Atlanta Afghan refugees

Six months after arriving in metro Atlanta, an Afghan family starts a new life

The roughly 1,500 Afghans who’ve arrived in Atlanta since last fall mark a substantial increase in the metro’s small Afghan population. Familiar comforts are sparse: The only Afghan grocery in the area is Kabul Market off Lawrenceville Highway, known for its freshly baked Afghan bread. Since the beginning of Operation Allies Welcome, Georgia hasn’t been a top destination like Virginia, Texas, or California—but Atlanta itself has been among the top 10 cities for Afghan resettlement, and the only major one in the Southeast. Here is the story of how one family is building a life here.
Unhoused Atlanta

As Atlanta continues to grow, unhoused people are finding a new voice—and new allies

Facing ongoing encampment sweeps, an affordability crisis, and the punishing effects of the pandemic, members of Atlanta’s unhoused community are amping up their activism and finding support in mutual aid organizations like Sol Underground
Atlanta Mayor Andre Dickens

The New Mayor: Andre Dickens comes to the job calculating and confident

Andre Dickens is still acquainting himself with his job as mayor of Atlanta. But his mission is clear: Fight crime, produce affordable housing—which, experts say, would help prevent crime—and create good-paying jobs (another noted crime deterrent). Simply put, he must make Atlanta safer and more equitable.
Atlanta Asian Spa Shooting One Year Anniversary

One year later, 7 Asian American community members reflect on the Atlanta spa shootings

In the wake of last year’s spa shootings, Atlanta’s Asian Americans mobilized like never before. Here, seven community members share why this tragedy has implications for all of us.

“And I saw that what pretended to be a national reawakening was simply the beginning of a reign of terror”

A Southern white woman abroad, Marguerite Kratina found much to admire in Nazi Germany—until she didn’t. Her letters tell the story.
Pregnant in Georgia's jails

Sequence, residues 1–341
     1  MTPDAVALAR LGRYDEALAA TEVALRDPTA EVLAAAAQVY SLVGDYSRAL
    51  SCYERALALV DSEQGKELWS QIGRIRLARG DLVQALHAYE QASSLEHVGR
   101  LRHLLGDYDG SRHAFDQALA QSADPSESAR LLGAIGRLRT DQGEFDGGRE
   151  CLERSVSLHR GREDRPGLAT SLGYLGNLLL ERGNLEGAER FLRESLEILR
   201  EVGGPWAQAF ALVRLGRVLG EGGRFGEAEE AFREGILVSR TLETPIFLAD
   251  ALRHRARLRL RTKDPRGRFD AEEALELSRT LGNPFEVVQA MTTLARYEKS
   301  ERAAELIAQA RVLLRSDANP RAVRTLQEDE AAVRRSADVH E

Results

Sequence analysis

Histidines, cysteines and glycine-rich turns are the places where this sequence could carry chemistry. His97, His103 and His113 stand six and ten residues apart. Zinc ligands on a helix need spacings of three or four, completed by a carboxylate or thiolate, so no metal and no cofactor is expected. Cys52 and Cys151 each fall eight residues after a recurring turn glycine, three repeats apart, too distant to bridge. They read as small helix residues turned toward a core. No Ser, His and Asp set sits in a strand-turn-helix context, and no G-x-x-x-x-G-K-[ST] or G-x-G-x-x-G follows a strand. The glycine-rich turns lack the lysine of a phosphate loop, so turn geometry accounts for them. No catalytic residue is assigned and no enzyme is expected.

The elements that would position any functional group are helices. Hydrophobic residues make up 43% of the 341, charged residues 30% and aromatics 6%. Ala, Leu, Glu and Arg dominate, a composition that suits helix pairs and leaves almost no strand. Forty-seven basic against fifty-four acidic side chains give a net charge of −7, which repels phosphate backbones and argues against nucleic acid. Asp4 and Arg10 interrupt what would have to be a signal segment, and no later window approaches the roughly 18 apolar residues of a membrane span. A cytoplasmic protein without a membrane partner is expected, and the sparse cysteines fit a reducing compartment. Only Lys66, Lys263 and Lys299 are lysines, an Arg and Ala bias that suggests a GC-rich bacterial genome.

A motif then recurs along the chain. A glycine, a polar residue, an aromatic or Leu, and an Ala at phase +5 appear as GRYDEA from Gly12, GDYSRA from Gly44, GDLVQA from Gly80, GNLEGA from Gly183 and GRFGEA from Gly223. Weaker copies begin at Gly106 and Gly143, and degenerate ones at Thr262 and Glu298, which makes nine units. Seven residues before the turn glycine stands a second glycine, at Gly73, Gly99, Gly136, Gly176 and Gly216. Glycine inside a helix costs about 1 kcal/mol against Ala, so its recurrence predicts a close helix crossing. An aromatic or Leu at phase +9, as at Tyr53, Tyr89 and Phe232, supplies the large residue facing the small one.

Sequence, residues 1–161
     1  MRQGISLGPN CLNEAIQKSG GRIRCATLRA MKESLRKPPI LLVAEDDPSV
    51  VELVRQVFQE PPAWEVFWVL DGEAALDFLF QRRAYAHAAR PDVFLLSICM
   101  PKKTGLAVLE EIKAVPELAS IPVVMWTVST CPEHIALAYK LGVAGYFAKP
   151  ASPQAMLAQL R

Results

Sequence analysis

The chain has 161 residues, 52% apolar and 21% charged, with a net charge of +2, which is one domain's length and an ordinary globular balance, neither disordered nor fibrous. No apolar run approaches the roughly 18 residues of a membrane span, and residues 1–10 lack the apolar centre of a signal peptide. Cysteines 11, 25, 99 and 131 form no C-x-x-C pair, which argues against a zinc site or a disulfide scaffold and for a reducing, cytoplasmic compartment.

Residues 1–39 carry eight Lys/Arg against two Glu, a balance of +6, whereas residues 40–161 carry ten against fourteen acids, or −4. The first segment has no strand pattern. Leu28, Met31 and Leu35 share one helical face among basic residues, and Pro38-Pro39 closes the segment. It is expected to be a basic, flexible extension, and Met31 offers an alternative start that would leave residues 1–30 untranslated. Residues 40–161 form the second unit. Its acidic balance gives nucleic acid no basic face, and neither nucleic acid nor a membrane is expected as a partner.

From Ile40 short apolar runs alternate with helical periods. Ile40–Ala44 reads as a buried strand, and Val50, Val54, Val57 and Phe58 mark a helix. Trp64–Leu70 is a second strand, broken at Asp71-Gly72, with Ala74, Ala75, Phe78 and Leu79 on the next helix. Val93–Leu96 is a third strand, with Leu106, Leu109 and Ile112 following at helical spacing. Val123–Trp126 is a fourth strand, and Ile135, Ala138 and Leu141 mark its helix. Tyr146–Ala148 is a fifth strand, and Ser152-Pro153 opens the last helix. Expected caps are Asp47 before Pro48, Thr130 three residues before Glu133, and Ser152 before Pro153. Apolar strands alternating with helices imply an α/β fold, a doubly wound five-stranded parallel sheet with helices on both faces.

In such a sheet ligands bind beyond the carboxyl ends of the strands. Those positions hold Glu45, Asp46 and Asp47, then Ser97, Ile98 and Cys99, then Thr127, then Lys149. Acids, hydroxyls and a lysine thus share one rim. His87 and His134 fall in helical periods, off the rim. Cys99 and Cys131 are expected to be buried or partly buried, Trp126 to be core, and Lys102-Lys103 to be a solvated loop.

Incarcerated and invisible: What happens to pregnant people in Georgia’s county jails?

Jails, while constitutionally required to provide healthcare to people in detention, are not equipped to care for pregnant people throughout their entire pregnancy.
The source of violent crime in Atlanta isn’t mysterious: It’s desperation

The source of violent crime in Atlanta isn’t mysterious: It’s desperation, born by inequality.

We just need to be willing to see it, writes George Chidi.
Bee Nguyen

“We cannot outorganize a subversion of democracy”: Democratic rising star Bee Nguyen is vying to be Georgia’s next elections chief

Next year’s contest for Georgia secretary of state—an enormously consequential position in a newly purple state—will be one of the country’s most-watched races. Democratic rising star Bee Nguyen wants the job.
Freedom U

Freedom University wasn’t meant to last this long

In October 2011, activists founded an underground school in response to policies that made it harder for undocumented students to go to college in Georgia. That stopgap—and those policies—have now been in place for a decade.
Chattahoochee Brick Company

For decades, prisoners were forced into unpaid labor at a brickyard along the Chattahoochee River. How will we remember them?

For decades, long after the Civil War, men, women, and children convicted in Georgia courts—sometimes wrongly—were forced into unpaid labor at a brickyard along the Chattahoochee River. How will we remember them?

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